To Begin and to Begin Again
[entry-title permalink="0"]

 
In the late summer of 1992 I started dating someone I had known from summer camp for years and she happened to be in a band with three of her friends. Her interest in and knowledge of music inspired me for the first time to pick up a guitar with any seriousness. Shortly after this while visiting a friend of mine I tried playing bass and his comment spoke volumes to me, “If that’s the first time you’re playing bass, you should play bass.” I took that to heart and asked for a bass guitar that Christmas. Thankfully due to the generous nature of my grandfather, Pop Pop, as we lovingly called him, I was able to build an instrument collection pretty quickly in the next few years.

By the end of high school I had a full drum set, bass guitar, electric guitar, 4-track recorder, cheap microphone, access to my stepmother’s acoustic guitar and a not quite tuned baby grand piano that had managed to make the move with us from Maryland to Pittsburgh, PA. These were the foundations of my musical awakening. Up until this point, I had been a pretty serious visual artist having studied in extracurricular classes and programs since the age of 6. Apparently, my parents asked me when I was 5 if piano lessons were of any interest and I said no. I don’t recall the conversation, and can only suppose I wasn’t yet ready for the wondrous world of music.

At the time, my musical influences were already widespread including such composers and artists as Igor Stravinksy, Frédéric Chopin, Claude Debussy, Miles Davis, My Bloody Valentine, Pavement, The Swirlies, Led Zeppelin, Phish, Dinosaur Jr, The Verve, Slowdive, Don Caballero, Sebadoh, Sonic Youth, U2, Simon & Garfunkel, and far more than I can name here. Any musical thought was up for grabs – I tried out anything and everything as it all seemed permissible. Including all the bands that I played in, I likely have 40-50 tapes worth of 4-track and live material recorded between the years of 1992 – 2000 and 98% of which has yet to be digitized.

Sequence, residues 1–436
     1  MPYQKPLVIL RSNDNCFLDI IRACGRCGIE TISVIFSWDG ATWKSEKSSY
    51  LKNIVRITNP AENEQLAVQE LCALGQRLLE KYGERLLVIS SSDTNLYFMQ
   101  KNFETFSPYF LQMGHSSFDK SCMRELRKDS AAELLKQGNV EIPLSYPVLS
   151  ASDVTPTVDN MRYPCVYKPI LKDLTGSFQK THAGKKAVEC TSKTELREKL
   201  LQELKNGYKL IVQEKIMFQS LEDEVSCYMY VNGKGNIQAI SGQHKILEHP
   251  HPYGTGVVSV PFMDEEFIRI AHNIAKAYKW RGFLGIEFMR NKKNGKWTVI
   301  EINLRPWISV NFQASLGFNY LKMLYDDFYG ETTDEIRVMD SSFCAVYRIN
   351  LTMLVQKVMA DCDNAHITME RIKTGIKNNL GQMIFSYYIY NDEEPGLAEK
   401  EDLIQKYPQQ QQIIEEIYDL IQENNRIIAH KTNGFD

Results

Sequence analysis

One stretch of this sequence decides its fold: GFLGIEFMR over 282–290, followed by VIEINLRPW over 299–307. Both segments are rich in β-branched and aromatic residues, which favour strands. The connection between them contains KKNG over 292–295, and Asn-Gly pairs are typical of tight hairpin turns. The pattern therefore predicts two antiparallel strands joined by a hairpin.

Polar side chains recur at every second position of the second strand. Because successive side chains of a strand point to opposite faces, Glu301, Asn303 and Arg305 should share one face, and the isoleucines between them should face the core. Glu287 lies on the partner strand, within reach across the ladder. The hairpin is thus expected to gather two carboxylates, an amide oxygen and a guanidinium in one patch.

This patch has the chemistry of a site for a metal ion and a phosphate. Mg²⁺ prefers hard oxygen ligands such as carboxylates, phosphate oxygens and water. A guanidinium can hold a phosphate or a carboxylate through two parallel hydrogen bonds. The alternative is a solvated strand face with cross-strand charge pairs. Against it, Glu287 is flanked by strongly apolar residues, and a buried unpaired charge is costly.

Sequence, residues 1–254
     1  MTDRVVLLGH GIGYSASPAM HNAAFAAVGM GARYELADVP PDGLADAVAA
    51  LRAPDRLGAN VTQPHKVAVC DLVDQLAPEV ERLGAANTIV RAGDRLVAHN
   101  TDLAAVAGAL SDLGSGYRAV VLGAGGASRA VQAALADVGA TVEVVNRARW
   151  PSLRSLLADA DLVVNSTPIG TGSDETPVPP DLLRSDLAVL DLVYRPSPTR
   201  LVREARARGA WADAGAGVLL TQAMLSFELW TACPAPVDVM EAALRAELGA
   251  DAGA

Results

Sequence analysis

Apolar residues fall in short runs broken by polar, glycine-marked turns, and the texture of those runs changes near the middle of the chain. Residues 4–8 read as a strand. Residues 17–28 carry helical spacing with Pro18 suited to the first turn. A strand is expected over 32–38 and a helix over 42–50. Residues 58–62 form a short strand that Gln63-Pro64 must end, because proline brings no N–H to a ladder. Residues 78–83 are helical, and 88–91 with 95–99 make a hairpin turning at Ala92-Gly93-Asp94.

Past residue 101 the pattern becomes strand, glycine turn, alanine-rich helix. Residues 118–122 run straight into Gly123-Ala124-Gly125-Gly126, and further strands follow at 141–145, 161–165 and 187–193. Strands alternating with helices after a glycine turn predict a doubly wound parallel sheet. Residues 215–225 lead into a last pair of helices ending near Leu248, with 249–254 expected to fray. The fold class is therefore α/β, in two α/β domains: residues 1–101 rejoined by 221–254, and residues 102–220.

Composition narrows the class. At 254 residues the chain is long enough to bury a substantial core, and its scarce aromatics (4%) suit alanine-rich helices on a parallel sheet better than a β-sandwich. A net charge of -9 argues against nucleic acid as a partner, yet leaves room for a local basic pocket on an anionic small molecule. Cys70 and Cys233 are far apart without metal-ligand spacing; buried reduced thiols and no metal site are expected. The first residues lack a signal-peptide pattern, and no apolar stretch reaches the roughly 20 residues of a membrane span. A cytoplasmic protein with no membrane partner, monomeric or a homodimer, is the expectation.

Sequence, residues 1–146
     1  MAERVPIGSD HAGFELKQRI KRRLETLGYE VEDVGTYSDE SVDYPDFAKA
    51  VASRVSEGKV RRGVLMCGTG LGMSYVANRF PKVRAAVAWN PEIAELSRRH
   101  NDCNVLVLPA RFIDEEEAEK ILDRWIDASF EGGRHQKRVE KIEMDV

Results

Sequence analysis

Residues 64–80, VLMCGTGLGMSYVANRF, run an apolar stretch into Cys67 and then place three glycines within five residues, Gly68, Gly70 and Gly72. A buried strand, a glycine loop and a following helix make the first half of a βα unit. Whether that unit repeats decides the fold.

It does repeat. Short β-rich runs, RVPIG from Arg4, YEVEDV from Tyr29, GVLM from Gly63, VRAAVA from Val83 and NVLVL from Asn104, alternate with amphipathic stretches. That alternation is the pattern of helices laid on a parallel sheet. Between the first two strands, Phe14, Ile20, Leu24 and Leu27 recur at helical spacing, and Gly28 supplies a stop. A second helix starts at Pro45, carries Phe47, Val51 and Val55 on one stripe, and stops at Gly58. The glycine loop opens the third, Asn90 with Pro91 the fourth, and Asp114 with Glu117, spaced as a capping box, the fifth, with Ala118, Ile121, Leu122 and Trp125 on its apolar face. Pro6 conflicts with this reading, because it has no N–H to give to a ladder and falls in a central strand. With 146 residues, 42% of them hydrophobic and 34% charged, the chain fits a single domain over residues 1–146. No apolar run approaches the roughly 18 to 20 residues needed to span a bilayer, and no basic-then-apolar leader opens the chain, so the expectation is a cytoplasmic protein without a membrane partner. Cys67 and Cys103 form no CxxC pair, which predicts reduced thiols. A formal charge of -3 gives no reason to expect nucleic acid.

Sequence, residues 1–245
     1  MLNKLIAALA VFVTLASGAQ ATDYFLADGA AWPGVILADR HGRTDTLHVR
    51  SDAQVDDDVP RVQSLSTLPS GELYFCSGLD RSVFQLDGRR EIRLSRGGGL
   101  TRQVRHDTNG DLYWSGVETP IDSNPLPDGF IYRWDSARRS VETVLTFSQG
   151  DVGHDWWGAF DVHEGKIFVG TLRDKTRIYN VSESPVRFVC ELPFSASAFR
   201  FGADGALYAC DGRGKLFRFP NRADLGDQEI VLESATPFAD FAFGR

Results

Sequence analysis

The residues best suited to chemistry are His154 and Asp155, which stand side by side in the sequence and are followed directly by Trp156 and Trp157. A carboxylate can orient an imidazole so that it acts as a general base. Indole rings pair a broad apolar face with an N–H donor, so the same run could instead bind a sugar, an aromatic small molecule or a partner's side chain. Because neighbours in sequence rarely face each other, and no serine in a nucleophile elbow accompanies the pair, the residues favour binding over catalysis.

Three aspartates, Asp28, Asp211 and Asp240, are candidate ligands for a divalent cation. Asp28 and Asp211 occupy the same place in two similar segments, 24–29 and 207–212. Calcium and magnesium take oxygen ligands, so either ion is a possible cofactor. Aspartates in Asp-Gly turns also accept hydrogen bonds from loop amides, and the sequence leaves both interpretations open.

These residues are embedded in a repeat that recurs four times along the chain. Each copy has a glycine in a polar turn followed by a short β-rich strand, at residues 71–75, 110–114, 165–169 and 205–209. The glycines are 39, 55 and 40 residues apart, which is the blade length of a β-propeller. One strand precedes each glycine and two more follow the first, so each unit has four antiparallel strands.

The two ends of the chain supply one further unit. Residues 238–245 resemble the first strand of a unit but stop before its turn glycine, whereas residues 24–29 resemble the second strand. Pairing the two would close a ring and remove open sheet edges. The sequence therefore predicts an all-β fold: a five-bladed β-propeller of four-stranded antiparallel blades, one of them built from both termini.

I recall how willingly I approached music back then. I didn’t know there were wrong ways to do it – basically hit the record button, grab the closest object, conventional music instrument or not, and make some sounds. Often enough, it was only after laying down all the tracks did I realize what had been made and sometimes still didn’t really understand what just happened. And that seemed to be the point. Get lost to how it feels when making it, don’t look back, and start the next one. This was my key to being prolific.

Flash forward. Something of this nature has been rapidly taking hold of me again and all I wish to do these days is get lost in the music making, not look back, and quickly get to the next piece. There will never be a moment where all the music has been created – one of the most beautiful characteristics of music for which I will always be grateful. It is what guides me, and allows me patience, virtue, openness and respect toward nearly all discussions, people, cultures, and beyond. Trusting in the steadfast effort of this labor of love, I wish for the music that comes through me to find its way to all those open to it and that it allows a form of grace or ease or transformation however light or deep. This is my greatest wish. Anytime you wish, my music is here for all of you. Thank you for reading and listening.

The featured picture is likely from late 1994 or early 1995 when rehearsing with my band at the time. GSC (Good Shepherd Chapel). And that’s Damien sitting in on drums, typically he was belting it out as our lead singer.

Three classics from my senior year of high school circa 1993-94.

CC BY-SA 4.0 To Begin and to Begin Again by Caleb W. Cliff is licensed under a Creative Commons Attribution-ShareAlike 4.0 International License.